- Microsoft’s search engine, Bing, debuted in 2009 as a rebranded version of MSN Live Search.
- At its peak, Bing “powered” searches realized almost 27% market share in the U.S.
- Over the past decade, the erosion of Bing’s market share has made the search engine largely irrelevant.
- Microsoft clings to roughly 5% market share by concealing Bing inside core Windows search functionality.
- Although Bing indexes white supremacist websites and does little to curb child exploitation, the search engine routinely deindexes legitimate critics of Microsoft products.
A Brief History of Bing
Microsoft’s entrance into web search transpired at the dawn of the public Internet. Along with Yahoo!, Alta Vista, Infoseek, Excite, and many others, Microsoft provided the tools for everyday users to navigate the nascent World Wide Web. At this time, Google didn’t even exist.
These were exciting days. I was working in Mountain View at the time, and I always drove by this “new” company called “Google” on the way to work at Intuit. I thought their logo was goofy and assumed they made educational software for children. I still think their logo is goofy, and their search engine used to be better, but it’s still the best option.
Life before Google was no hardship. Someday we will be able to teleport, but I don’t sit around helplessly lamenting the reality that I can’t transport myself across the globe in a few moments. Similarly, we lived everyday lives in the 90s without much suffering. (I actually prefer life before social media and dating apps.)
Instead of ordering DoorDash, we ordered pizza, Chinese food, or whatever over the phone. Instead of dating horrible people we meet online, we found our matches in the real world, with many pre-social media relationships still lasting today. In many ways, these methods were superior.
At this time, the Web was a simple network. Although there were a few sophisticated web apps, some developed by yours truly, the Internet was still a barren place. Search engines were low-hanging fruit. Anyone could create a functional search engine, but not a great one. Microsoft, one of the largest corporations on the planet, couldn’t make anything better than the startups.
Microsoft launched MSN Search in 1998, relying on third-party companies for the bulk of its functionality. The mighty Microsoft was unable to build a search engine in-house at this time. AltaVista and Inktomi were the brains behind MSN Search. Eventually, Microsoft brought it in-house and rebranded it as Bing in the wake of its rapidly declining market share.
I constantly experienced ASP errors on Microsoft’s search portal, particularly in the late 90s. If you weren’t online at the time and didn’t witness this mess firsthand, imagine if Google was down five or more hours a day. Microsoft’s web technologies like Active Server Pages and COM were utterly unreliable. I ditched Microsoft’s search engine for Excite and then Metacrawler, which employs multiple search engines.
I also stopped developing web apps with Microsoft products, instead moving to the verdant pastures of J2EE. I quit my job and went off to a startup because I was sick and tired of Microsoft and working around its defective software development tools.
I remember leaving Intuit and starting a new career at a startup. Everyone was from MIT, Stanford, and Cal, and most were more intelligent than me. The buzz was all about Google. I tried it, and yes, it was faster, but not the miracle that many claimed. Nonetheless, why wouldn’t you use a faster search engine?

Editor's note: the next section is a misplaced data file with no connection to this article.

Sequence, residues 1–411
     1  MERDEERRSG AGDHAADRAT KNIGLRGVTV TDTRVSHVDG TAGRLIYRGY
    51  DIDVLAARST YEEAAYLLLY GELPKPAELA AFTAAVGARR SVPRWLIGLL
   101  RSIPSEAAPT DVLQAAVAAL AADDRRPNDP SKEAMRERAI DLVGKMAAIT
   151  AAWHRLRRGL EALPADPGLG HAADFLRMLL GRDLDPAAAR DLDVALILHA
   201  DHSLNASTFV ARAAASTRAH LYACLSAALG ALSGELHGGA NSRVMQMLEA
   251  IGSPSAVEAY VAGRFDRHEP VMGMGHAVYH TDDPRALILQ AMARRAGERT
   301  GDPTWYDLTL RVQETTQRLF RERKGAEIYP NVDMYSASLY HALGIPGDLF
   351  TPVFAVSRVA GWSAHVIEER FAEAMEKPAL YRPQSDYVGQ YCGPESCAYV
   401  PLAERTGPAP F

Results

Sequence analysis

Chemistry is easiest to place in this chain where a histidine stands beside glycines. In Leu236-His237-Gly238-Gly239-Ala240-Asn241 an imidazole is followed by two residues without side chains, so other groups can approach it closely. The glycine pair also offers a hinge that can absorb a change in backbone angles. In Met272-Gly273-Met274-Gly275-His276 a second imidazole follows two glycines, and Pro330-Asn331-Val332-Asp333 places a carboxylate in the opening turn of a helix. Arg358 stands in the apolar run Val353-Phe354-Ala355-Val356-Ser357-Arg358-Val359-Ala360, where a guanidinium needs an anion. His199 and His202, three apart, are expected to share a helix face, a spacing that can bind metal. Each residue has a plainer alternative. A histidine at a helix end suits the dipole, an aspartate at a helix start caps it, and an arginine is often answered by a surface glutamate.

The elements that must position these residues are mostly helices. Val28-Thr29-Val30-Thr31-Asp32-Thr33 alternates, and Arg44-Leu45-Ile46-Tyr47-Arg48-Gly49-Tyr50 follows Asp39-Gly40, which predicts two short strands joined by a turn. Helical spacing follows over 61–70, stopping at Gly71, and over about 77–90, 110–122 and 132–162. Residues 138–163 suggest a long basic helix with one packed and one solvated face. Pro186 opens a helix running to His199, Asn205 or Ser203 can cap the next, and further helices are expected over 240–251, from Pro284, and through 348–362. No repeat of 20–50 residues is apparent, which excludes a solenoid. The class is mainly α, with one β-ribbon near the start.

At this point, the search results were almost the same, regardless of which brand you used. Google’s main advantage was speed and the claim of its PageRank algorithm’s superiority. Since there’s no cost to switching to another search engine, many did and stayed there. Google quickly outpaced competitors.
Microsoft Live Search continued to face declines, forcing the Redmond, Washington-based company to rebrand as Bing and invest in marketing, PR, and promotions to boost market share. None of this worked. Bing continues to flounder with an uncertain future.
Today, Google is not only faster but much better. Google isn’t just search. It’s a whole suite of interconnected products and services. It’s an ecosystem. Unlike Microsoft, Google created a highly successful mobile operating system, now the world’s most popular OS. Android even outpaced Windows and convinced many across the globe to pass on PC ownership in deference to a smartphone, tablet, or Chromebook.
Some technologies are so transformative that it’s hard to imagine life without them. I could live without Facebook, Instagram, WhatsApp, etc. If Google suddenly disappeared, it would be a massive problem for billions. Unfortunately, for Microsoft, no one would miss Bing if it vanished. In fact, thousands of content creators, including myself, hope that Bing will just die off.
Bing Search Results Suck
The main problem with Microsoft Bing is that it doesn’t index the entire World Wide Web. Instead, Bing automatically indexes some sites and skips others. For the others, webmasters must request indexing through a Kafkaesque process conducted by overseas agents. If Microsoft doesn’t like your content, perhaps because you wrote an unflattering review of its products, you’re toast! They deindex any website that’s critical of Microsoft. The good news is that Bing’s market share is so low that you might not even notice they deleted your site.
It goes beyond that. A quick Google search reveals an entire community of disgruntled Internet professionals sidelined by Bing. Although Bing’s market share hovers around 5% these days, most Internet publishers wouldn’t mind the extra traffic. Unfortunately, when Bing puts a block on your site, it’s difficult to remove it.